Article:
I was lucky enough to find a copy of the book “Mates – The friendship That Sustained Henry Lawson” by Bryon Gregory. The author hadn’t received his copy yet. I was aware that a book was being written about my great grandfather James Gordon (Jim Graham).You can imagine my surprise though to see it on the shelf front and centre at Target. You see, the “mate” was my droving, bush poet Great Grandfather, James Gordon (nom de plume Jim Graham).
Our family has some beautiful poetry written by James. He sensitively reveals his the love, hopes, dreams, fears, and heartache he had for his family. Verses speak about various members of my family. James Gordon’s daughter was Bonnie, my great Aunt, who served as my grandmother after the tragic loss of my father’s mother when he was three). Gordon writes about his son James, my Great Uncle Jimmy, killed in the Japanese death marches at the end of WW2. He writes lovingly about his stoic wife, the drover’s wife and nurse. Nana as I knew her, who cared for her own family, and the Leeton community. She was dedicated to the health of the indigenous “reserve” on the outskirts of Leeton.
Through his writing, our family has a rich history. We are also able to step back into the lives of James Gordon and Henry Lawson’s.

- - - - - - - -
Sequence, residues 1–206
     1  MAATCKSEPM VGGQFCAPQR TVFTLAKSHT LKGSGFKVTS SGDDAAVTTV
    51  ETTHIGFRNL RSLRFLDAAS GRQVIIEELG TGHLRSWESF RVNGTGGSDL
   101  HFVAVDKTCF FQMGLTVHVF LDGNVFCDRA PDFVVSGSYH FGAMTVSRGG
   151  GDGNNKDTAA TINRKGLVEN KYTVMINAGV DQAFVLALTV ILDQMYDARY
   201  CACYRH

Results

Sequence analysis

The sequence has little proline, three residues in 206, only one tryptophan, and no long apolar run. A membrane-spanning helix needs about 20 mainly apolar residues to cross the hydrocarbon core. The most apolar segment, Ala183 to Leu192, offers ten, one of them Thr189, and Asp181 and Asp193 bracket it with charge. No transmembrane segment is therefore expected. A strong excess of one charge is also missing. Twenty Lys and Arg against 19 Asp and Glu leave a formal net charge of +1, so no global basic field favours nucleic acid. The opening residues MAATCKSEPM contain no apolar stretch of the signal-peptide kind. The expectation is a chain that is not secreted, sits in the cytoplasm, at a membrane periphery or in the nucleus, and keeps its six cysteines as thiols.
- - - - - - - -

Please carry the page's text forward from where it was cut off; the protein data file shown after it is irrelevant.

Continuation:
This friendship, whilst known in our family, has only really been an addon when discussing Lawson publically. This friendship was an anchor for Lawson. Lawsom would come to the farm and detox, fish, write and get his head together. The book, “Mates”, is a dual biography of Lawson and Gordon (aka Graham)is based on historical facts and family letters. The volume reveals the depth and reality of this lifelong friendship. There is also previously unpublished stories of their meandering trek from Bourke to Hungerford in the early stages of their friendship. This trek which features in both the men’s writing.
I’m still reading the book, so won’t write about the content, except to say a huge “thank you” to the author Gregory Byron, for this wonderful gift to our family.